Perspective Lens

Get yourself a large magnifying glass and use it as your "perspective lens" to help kids see another person's perspective.

By Momentous Institute | Jul 03, 2015
Perspective Lens

We know kids love props! So try this: stock your classroom/office/home with a giant magnifying glass. Call it your “perspective lens” and tell your kids that you’re going to use it to think about someone else’s perspective. (Of course young kids will need the chance to pass it around and look at it first because it will be soooo exciting. You’ll also need to let them know that it’s just a symbol, that you don’t actually see people’s perspective through a lens!)
 
If you think about it, you’ll have plenty of opportunities every day to use your perspective lens. Start by using it during calm times, like during a read-aloud when you’re trying to figure out why a character is doing something, or when you’re talking about a news story and you’re discussing why people are feeling a certain way. You can say, “I wonder what the three little bears are feeling. I think I’ll use my perspective lens to take a look!” “Look at all those sports fans cheering in this newspaper picture. Let’s use our perspective lens to see what they might be feeling. What about the fans for the other team? What do you think they might be feeling?”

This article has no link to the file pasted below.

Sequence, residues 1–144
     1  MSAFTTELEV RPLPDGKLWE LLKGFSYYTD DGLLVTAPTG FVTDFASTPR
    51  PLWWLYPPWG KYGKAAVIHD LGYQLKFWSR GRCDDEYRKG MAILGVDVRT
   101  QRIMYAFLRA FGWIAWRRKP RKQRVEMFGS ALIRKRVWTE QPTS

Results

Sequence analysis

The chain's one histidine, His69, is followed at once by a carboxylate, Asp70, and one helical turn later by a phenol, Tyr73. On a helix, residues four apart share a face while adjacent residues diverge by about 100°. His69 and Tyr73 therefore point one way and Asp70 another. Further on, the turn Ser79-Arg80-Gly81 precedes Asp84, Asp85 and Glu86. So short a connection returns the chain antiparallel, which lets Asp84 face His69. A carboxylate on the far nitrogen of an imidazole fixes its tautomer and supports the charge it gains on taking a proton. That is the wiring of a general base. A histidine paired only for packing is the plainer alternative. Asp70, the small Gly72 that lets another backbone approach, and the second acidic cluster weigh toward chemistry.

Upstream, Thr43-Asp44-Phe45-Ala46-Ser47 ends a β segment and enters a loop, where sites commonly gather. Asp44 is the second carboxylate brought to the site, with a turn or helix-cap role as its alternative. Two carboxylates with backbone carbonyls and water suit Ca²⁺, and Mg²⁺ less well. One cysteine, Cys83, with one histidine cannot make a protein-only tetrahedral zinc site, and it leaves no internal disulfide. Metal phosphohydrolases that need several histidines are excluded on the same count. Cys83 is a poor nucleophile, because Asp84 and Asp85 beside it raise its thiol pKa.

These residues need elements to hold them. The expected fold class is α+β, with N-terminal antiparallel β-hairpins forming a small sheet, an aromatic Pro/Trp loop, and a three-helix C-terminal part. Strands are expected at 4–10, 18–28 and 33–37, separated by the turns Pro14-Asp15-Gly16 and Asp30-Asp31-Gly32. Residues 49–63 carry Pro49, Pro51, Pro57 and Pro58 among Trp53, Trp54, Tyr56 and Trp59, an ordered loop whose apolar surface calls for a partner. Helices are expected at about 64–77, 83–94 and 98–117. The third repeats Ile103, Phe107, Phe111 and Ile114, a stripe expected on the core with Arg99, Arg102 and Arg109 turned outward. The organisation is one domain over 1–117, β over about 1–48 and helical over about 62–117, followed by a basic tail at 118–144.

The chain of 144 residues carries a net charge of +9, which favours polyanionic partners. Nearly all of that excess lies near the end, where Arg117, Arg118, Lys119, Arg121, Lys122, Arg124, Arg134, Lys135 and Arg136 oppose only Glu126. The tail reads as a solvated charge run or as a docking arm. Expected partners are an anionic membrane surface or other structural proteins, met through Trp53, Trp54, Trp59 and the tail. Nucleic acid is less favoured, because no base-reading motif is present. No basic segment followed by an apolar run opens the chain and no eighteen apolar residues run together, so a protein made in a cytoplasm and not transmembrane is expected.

As you introduce the perspective lens, you can also start to use it for resolving conflict. If two kids are having a dispute, you can give each of them a turn with the perspective lens. Ask them to think about what the other person might be feeling, then follow it up with a discussion to resolve the issue.

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